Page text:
Treatable causes of blindness: There are many eye diseases which, if detected early, can be treated to prevent blindness (e.g., trichiasis from trachoma, early diabetic retinopathy). There are other conditions, such as cataract, where sight can be restored by appropriate surgery.

It is estimated that 10 million people (mainly women) are at risk of blindness from trachomatous trichiasis. These people need to be identified and surgery performed in the community, to prevent them from becoming blind. Surgery performed in a clinic setting is unlikely to meet the need, as people affected by trichiasis usually come from remote, poor rural areas.

In Western countries diabetic retinopathy is an important cause of potentially preventable blindness in people of working age. Screening programmes, undertaken by appropriately trained personnel, exist is many communities to diagnose and refer those needing photocoagulation to prevent blindness. Primary open angle glaucoma affects an estimated 13.5 million people worldwide; these individuals need to be identified and referred for treatment to prevent blindness. Primary eye care is, therefore, essential in all communities, and in all regions of the world.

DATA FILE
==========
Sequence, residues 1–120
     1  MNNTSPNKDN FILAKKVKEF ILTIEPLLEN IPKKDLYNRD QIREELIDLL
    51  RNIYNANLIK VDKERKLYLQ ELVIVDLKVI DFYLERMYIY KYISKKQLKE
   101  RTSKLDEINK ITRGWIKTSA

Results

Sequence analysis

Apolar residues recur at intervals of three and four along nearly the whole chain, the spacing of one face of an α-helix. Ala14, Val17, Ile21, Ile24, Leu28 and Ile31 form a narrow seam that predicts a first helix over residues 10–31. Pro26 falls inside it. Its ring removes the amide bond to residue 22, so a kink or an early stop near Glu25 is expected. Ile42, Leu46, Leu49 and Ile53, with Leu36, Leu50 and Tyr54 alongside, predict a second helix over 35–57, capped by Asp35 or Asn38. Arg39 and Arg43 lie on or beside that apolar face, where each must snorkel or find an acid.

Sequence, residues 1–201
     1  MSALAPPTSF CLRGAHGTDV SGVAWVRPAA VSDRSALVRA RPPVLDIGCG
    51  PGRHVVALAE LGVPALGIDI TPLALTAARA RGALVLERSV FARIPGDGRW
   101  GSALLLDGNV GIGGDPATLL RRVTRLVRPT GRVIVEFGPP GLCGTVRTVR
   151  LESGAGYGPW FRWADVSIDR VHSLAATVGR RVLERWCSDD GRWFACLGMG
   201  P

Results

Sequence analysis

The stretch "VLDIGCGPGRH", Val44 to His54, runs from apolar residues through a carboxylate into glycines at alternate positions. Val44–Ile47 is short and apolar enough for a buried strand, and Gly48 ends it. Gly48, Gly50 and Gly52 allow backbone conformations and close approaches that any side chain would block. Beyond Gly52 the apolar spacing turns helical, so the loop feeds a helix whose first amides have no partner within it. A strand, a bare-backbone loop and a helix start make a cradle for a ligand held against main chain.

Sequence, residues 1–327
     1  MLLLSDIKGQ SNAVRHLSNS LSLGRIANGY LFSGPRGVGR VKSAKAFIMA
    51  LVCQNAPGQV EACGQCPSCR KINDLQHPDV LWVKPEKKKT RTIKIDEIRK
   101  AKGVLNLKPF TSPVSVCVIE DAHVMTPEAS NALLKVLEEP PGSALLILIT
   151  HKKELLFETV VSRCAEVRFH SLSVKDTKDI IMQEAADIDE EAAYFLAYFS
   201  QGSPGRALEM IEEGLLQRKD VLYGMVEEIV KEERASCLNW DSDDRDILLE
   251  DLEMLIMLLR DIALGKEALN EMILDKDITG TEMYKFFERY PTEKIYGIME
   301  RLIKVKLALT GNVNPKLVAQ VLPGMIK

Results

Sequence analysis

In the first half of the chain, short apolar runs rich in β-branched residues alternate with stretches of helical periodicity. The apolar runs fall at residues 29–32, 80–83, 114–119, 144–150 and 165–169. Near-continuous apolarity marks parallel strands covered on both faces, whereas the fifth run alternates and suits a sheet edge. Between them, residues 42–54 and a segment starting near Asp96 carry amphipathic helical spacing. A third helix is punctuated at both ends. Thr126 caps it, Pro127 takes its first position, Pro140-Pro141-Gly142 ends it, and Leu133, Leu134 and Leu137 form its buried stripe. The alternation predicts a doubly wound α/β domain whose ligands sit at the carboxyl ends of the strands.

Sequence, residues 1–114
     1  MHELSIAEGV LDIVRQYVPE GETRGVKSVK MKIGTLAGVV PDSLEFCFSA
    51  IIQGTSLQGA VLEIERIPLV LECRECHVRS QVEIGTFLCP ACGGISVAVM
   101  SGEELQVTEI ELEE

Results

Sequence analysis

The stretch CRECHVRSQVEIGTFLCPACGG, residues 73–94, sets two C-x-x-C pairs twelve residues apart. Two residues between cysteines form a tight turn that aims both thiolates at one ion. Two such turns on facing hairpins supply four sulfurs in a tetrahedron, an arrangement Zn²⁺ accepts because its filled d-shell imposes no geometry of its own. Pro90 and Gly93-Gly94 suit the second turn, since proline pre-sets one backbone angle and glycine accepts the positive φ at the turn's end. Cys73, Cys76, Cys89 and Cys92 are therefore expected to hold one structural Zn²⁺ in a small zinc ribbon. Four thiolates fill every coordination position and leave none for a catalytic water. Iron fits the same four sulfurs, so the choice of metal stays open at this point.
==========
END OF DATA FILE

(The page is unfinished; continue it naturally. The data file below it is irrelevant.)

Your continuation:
Of the estimated 38 million who are blind, 20 million are blind from cataract, a condition where sight can be restored by surgery. Individuals requiring cataract surgery need to be identified and referred, an activity which also comes within the remit of primary eye care.

Eye diseases requiring treatment: In many countries eye diseases (such as conjunctivitis, mild trauma, watery eyes, etc.) are among the commonest health problems presenting to primary level health workers.